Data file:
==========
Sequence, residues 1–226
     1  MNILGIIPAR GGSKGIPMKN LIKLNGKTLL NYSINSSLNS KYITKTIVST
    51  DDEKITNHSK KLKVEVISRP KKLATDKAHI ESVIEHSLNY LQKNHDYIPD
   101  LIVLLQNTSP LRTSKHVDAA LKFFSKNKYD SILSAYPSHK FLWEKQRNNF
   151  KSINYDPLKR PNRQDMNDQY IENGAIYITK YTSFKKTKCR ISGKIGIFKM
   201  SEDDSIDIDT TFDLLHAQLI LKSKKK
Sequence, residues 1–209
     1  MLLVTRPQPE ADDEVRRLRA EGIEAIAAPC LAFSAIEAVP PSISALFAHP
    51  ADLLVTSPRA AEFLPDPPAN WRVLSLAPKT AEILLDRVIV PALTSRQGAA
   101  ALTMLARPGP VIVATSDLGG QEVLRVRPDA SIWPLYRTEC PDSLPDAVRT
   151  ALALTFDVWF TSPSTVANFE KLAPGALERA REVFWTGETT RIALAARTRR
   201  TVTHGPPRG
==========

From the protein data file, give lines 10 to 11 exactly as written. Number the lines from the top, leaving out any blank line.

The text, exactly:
   101  ALTMLARPGP VIVATSDLGG QEVLRVRPDA SIWPLYRTEC PDSLPDAVRT
   151  ALALTFDVWF TSPSTVANFE KLAPGALERA REVFWTGETT RIALAARTRR